Marlena, by Julie Buntin



By Julie Buntin

Henry Holt & Company, 2017

274 pages

I was completely captivated by Marlena, a story of two teenage girls. 15-year old Cat and 17-year old Marlena meet when Cat’s parents split up and Cat’s mom moves Cat and her brother from the Detroit suburbs to a desolate town in the Upper Peninsula. Marlena lives in the house next door with her father and younger brother.

The book alternates between the year the two girls were friends that tragically ends in Marlena’s death, and Cat’s adult life in New York looking back. Buntin artfully captures the way teenage girls become entranced by each other. Cat has just finished a successful first year of high school, but is lost in her new town. Marlena is a beautiful young woman with many self-destructive habits. With Marlena, Cat’s life is transformed.

Told in the first person, Cat’s perspective, I appreciated how honest the narrator was and the depth with which she explores how teenage rebellion can be self destructive and empowering at the same time. The girls escape their small town with drugs, for Marlena, and drink, for Cat, and their habits have consequences. It’s not easy to watch them anesthetize themselves but powerful nonetheless. If you are interested in female coming-of-age stories, this book is a unique look into a community I have not read about much in fiction.

Buntin grew up in Michigan and teaches writing now in New York City.


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Mine, by Katie Crawford



By Katie Crawford

Deeds Publishing, 2016

235 pages

Mine is a story of two sisters, Maggie and Janie, bonded despite deep differences. They grew up in a small Eastern Pennsylvania coal town in the 1940s and 50s. The story begins when Maggie is 8 and Janie is 6, and as I read the first few chapters, I thought it was going to be a coming-of-age story. But this book is about much more. It tells the story of the sisters’ lives, from the small town they grew up in to Philadelphia, where they spent their adult years.

I don’t want to give away too much as I enjoyed how this book twisted and turned as the women grew up. This is a story of loss and resilience and what I liked was how well Crawford expressed the weight and power of female experiences, about what it means to be a: daughter, mother, sister, mother-in-law or an aunt. And about all the loss that women face. It is a quiet book and yet much drama unfolds during Janie and Maggie’s lives.

I heard of this book from a friend, DM, who knows the author. Crawford is a Philadelphia native who now lives in Swarthmore, PA. The book was published by a small press, Deeds Publishing. I am much appreciative of the small presses that publish exciting work that get overlooked by the Big Five publishers.



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Where the Line Bleeds, by Jesmyn Ward, Debut not new


Where the Line Bleeds

By Jesmyn Ward

Agate Publishing, 2008

239 pages

Jesmyn Ward is one of this year’s MacArthur Fellows. I have read some of her books, but not her debut novel, Where the Line Bleeds, so I decided to pick it up. This book is painstakingly beautiful. Each word, each moment, of the story is vital on the page. I read the book slowly, savoring the vivid world Ward created.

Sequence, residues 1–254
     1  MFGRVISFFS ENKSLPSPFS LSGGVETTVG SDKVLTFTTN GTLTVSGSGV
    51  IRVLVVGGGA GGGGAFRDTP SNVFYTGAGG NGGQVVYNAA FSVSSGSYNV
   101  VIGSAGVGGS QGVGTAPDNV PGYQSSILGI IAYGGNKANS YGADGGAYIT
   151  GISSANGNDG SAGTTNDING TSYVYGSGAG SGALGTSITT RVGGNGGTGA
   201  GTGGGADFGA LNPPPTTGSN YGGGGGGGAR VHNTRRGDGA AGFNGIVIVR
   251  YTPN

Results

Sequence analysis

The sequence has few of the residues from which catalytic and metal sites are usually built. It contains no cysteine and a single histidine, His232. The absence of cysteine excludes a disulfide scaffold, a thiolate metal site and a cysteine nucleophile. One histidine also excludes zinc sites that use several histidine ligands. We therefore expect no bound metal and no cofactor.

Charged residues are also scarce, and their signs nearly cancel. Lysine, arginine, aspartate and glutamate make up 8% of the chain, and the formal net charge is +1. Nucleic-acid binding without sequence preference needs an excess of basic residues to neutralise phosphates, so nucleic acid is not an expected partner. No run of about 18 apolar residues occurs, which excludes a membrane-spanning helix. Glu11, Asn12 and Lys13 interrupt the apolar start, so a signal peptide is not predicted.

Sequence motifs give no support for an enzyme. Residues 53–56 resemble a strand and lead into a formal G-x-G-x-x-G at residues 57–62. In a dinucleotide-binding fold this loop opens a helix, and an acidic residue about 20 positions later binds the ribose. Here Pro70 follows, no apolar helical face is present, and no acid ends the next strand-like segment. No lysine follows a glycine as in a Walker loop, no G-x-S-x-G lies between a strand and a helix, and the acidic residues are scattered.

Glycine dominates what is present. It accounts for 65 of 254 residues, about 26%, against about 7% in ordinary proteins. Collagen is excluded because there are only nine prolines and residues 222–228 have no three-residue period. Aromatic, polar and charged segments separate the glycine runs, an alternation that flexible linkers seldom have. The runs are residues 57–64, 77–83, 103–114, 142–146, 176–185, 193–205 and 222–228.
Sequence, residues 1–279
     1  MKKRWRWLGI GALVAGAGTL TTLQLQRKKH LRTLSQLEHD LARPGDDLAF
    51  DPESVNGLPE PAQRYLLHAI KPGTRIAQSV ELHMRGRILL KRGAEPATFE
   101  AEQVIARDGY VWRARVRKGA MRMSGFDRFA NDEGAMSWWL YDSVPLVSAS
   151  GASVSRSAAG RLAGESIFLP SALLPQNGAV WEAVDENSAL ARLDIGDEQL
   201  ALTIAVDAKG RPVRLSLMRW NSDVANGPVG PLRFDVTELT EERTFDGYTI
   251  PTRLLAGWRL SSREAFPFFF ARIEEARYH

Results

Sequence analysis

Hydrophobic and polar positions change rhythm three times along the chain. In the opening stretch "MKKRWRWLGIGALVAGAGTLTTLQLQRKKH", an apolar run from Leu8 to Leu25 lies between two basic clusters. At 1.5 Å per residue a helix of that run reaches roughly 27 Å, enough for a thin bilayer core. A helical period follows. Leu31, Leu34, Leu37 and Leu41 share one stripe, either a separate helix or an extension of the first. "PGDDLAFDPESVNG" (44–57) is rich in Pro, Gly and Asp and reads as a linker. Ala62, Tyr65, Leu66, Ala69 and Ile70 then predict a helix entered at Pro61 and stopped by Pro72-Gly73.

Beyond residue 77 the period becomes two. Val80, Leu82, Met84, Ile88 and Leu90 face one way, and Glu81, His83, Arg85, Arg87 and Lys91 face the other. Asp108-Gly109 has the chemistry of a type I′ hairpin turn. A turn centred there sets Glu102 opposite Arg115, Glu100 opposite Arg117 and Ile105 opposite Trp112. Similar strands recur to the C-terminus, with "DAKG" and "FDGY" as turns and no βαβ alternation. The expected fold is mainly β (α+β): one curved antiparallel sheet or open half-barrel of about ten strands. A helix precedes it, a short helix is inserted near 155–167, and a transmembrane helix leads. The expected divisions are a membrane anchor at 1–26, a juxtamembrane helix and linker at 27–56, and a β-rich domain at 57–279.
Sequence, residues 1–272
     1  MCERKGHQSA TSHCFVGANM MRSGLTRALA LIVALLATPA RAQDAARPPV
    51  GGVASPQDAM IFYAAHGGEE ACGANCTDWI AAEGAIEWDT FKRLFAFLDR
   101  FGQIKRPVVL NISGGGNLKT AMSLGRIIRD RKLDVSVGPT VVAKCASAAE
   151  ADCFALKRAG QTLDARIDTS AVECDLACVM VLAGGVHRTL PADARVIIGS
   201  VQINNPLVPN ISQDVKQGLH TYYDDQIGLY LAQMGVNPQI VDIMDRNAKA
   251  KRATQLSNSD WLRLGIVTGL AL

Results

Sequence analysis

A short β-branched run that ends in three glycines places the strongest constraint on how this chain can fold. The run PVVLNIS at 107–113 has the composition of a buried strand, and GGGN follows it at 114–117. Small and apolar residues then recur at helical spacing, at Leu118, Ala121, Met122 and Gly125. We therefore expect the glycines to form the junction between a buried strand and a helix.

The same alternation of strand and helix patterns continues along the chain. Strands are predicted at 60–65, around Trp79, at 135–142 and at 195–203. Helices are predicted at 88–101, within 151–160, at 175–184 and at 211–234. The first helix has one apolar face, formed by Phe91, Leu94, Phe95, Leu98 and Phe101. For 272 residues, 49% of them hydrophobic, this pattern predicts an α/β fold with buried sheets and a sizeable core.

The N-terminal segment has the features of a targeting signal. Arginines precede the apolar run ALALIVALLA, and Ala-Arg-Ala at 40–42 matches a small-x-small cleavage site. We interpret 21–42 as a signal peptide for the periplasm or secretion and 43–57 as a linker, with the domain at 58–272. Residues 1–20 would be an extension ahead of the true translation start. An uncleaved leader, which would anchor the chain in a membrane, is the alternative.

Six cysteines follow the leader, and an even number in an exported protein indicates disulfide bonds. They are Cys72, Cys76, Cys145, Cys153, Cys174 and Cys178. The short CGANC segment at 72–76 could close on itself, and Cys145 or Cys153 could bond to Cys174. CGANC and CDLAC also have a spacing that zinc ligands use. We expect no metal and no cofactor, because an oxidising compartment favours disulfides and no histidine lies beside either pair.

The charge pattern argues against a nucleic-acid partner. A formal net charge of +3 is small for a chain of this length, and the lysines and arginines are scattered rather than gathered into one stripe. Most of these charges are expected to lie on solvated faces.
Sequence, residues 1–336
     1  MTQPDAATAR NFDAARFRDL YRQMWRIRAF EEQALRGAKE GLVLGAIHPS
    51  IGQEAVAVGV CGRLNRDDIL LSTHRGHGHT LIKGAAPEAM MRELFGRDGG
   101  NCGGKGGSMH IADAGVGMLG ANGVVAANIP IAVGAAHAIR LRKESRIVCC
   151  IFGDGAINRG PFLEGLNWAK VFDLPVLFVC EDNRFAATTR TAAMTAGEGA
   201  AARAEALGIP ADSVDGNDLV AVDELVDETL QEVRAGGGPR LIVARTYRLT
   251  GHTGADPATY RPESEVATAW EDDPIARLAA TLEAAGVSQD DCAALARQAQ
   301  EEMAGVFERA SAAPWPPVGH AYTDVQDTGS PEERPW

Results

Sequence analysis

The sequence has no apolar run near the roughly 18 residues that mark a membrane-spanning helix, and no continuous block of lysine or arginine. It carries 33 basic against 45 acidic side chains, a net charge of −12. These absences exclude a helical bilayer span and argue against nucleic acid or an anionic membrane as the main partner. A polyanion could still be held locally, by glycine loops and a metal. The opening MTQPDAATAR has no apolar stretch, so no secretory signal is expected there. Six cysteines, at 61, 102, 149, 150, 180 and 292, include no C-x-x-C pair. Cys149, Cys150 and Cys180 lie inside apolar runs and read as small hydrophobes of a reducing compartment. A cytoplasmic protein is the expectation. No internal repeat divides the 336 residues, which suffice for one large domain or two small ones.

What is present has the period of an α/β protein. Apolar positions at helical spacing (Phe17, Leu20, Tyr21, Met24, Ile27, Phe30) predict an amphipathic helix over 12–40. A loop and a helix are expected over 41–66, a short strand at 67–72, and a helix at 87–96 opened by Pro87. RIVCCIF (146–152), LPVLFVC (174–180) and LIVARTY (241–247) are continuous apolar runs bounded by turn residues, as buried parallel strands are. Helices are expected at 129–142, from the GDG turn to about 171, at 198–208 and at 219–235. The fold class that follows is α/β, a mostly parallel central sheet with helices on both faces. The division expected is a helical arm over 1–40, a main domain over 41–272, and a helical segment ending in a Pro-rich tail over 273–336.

Christophe and Joshua, twins, have just graduated from high school in Bois Sauvage, a small Mississippi town near the Gulf. They were raised by their grandmother after their mother decamped to Atlanta, and their father, a heroin addict, disappeared. Their post high school plan is to find local jobs, at the Walmart, Burger King or, if they can, at the docks or local shipyard where the jobs pay more and are more stable.

The story unspools over the summer after they graduate. The twins’ lives take different paths but they remain steadfastly loyal to each other. I loved the writing in this book. Ward gracefully brought to life two boys who are trying to become men, finding their way in a world with limited financial opportunities. This is a family story, a coming-of-age story and a deeply Southern novel.

I reviewed Ward’s memoir, Men We Reaped, a few years back. And she just published her third novel, Sing, Unburied, Sing. If you have not yet read her work, you can’t go wrong with any of her books. She is a masterful writer.





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The Windfall, by Diksha Basu


The Windfall

By Diksha Basu

Crown, 2017

304 pages

The Windfall is a story about a family in New Delhi that comes into money later in life when the father, Mr Jha, starts a website that that gets bought out for millions. After receiving this windfall, Mr. Jha and his wife to decide to move from an apartment in the modest east Delhi community that they have lived in for over thirty years, to a house in Gurgaon, a wealthy new enclave where there is no noise, little street traffic and everyone drives fancy cars. While they make this move, their son Rupak, who is getting an MBA in upstate New York,  grapples with life in the United States, and a relationship he is in with an American woman.